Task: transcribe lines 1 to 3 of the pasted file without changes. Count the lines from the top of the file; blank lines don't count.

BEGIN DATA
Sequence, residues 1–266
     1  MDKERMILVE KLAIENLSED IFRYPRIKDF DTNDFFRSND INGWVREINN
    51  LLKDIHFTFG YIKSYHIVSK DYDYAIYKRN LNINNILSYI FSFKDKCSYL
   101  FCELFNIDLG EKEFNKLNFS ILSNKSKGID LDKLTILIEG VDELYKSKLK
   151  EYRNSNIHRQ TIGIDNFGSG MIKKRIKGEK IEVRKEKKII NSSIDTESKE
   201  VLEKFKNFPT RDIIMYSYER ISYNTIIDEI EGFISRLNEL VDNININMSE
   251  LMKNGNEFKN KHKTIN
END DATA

Sequence, residues 1–266
     1  MDKERMILVE KLAIENLSED IFRYPRIKDF DTNDFFRSND INGWVREINN
    51  LLKDIHFTFG YIKSYHIVSK DYDYAIYKRN LNINNILSYI FSFKDKCSYL